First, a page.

The Philadelphia airport teemed with families hauling suitcases, businessmen running to catch planes, and bedraggled travelers removing their shoes in the security line. The arrivals board said that the plane from Helsinki had just landed. Noel pulled a small cardboard square from his backpack and unfolded it. HUUSKO, it said in large red letters.
“That’s his last name,” Noel said wearily, staring at the poster as though it were a decree for his execution. “Doesn’t it sound like a brand of grannie panties? Or maybe some kind of unidentifiable meat spread?”
Aria giggled. “You’re terrible.”
Noel plopped morosely on one of the benches by the security gate and stared at the line of people snaking toward the metal detectors. “This is our senior year, Aria. The only time we’ll have to just chill before college. The last thing I want is some loser hanging on me. I swear my mom did this to torture me.”
Aria made an mmm of sympathy. Then, she noticed something on the TV hanging overhead. ANNIVERSARY OF ROSEWOOD MURDERESS’S DEATH, said the yellow-lettered headline on the screen.
A brunette reporter stood in front of the DiLaurentises’ old house, the wind blowing her hair around her face. “A year ago this Saturday, Alison DiLaurentis, whose killing spree baffled an entire nation, died in a horrific self-ignited fire in the Pocono Mountains,” she announced. “A whole year has passed since the bizarre events, but the town of Rosewood still hasn’t recovered.”
Images of Jenna Cavanaugh and Ian Thomas, two of Real Ali’s victims, flashed on the screen. Then there was the seventh-grade portrait of Courtney DiLaurentis—the girl who’d taken the real Ali’s place in sixth grade, the girl whom Real Ali killed during their seventh-grade sleepover. “Many are still puzzled that Ms. DiLaurentis’s body was never found in the rubble. Some have speculated Ms. DiLaurentis survived, but experts have claimed that there’s no possibility of that.”
A shiver ran down Aria’s spine.
Noel covered Aria’s eyes with his hands. “You shouldn’t watch that.”
Aria wriggled free. “It’s hard not to.”
“Have you been thinking about it much?”
“Do you want to watch the movie together?”
“Oh God, no.” Aria groaned. Noel was referring to Pretty Little Killer, a biopic condensing the events of last year into two TV-ready hours. It was beyond tacky.
Suddenly, an influx of people flowed through the door from immigration. Many were tall, blond, and pale, surely from the Helsinki flight. Noel grumbled. “Here we go.” He waved the HUUSKO sign.
Aria peered through the crowd. “What’s his first name, anyway?”
“Klaudius?” Noel mumbled. “Something like that.”
Older men lugged suitcases past as they spoke on iPhones. Three lanky girls giggled together. A blond family carrying a towheaded child struggled to open a baby stroller. No one looked like a Klaudius.
Then, a voice floated through the crowd of travelers. “Mr. Kahn?”
Aria and Noel stood on their tiptoes, trying to locate the speaker. Just then, Aria noticed a boy with a drawn, elongated face, fleshy lips, zits on his cheeks and forehead, and an Adam’s apple that protruded at least an inch from his neck. It was Klaudius, all right. He was even carrying a small instrument case that might just be a recorder. Poor Noel.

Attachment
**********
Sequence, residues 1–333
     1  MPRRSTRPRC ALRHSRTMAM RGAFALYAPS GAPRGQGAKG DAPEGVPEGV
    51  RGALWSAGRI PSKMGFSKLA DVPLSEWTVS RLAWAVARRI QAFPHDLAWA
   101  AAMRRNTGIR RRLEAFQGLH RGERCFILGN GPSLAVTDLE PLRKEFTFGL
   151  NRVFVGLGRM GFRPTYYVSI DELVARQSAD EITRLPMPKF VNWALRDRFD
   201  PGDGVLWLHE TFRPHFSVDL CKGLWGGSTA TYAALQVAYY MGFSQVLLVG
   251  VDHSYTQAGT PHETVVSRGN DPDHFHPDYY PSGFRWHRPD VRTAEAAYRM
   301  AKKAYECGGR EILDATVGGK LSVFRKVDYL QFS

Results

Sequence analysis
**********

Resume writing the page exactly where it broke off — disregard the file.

“Mr. Kahn?” the voice called again, but the boy Aria thought was Klaudius hadn’t opened his mouth.
The crowd parted. A figure in a trapper hat, a down jacket, and fur lined boots emerged. “Hallo! It’s you! I am your new exchange! Klaudia Huusko!”
Klaudia. Noel’s mouth opened, but no sound came out. Aria stared at the figure in front of them, nearly choking on her gum. Noel’s exchange student certainly wasn’t a tall, gangly, pock-marked, flute-playing boy. Instead, Klaudia was a girl. A blond-haired, blue-eyed, throaty-voiced, large-breasted, tight-jeans-wearing Scandinavian wet dream.
And she’d be living just down the hall from Noel.
Meet the Pennythistles
“Spencer.” Mrs. Hastings leaned across the restaurant table. “Don’t touch the bread. It’s rude to start eating before everyone is seated.”
Spencer’s fingers released the squishy, buttery piece of ciabatta back into the basket. If she died from starvation before the others got here, it would be her mother’s fault.
It was Sunday night, and Spencer, Melissa, and her mother were sitting at the Goshen Inn, a stuffy restaurant inside an old 1700s house that had allegedly once been a boarding house for redcoat soldiers. Mrs. Hastings kept clucking about how nice the surroundings were, but Spencer thought the restaurant was as gloomy as a funeral home. It was definitely Colonial Philadelphia chic, with lots of Revolutionary War muskets mounted on the wall, three-cornered hats tucked into window boxes, and candles in old-timey glass lanterns on the tables. And because the clientele looked as old as the décor, the room smelled like an unpleasant mix of musty basement, slightly overdone filet mignon, and Vicks VapoRub.
“What’s this Nicholas guy do, anyway?” Spencer folded and refolded the cloth napkin on her lap.
Mrs. Hastings stiffened. “He’s Mr. Pennythistle until further notice.”
Spencer snickered. Mr. Pennythistle sounded like the name of a pornographic clown.
“I know what he does,” Melissa volunteered. “I didn’t make the connection at the party, but we totally studied him in my entrepreneurs class. He’s the biggest real estate developer in the area. The Donald Trump of the Main Line.”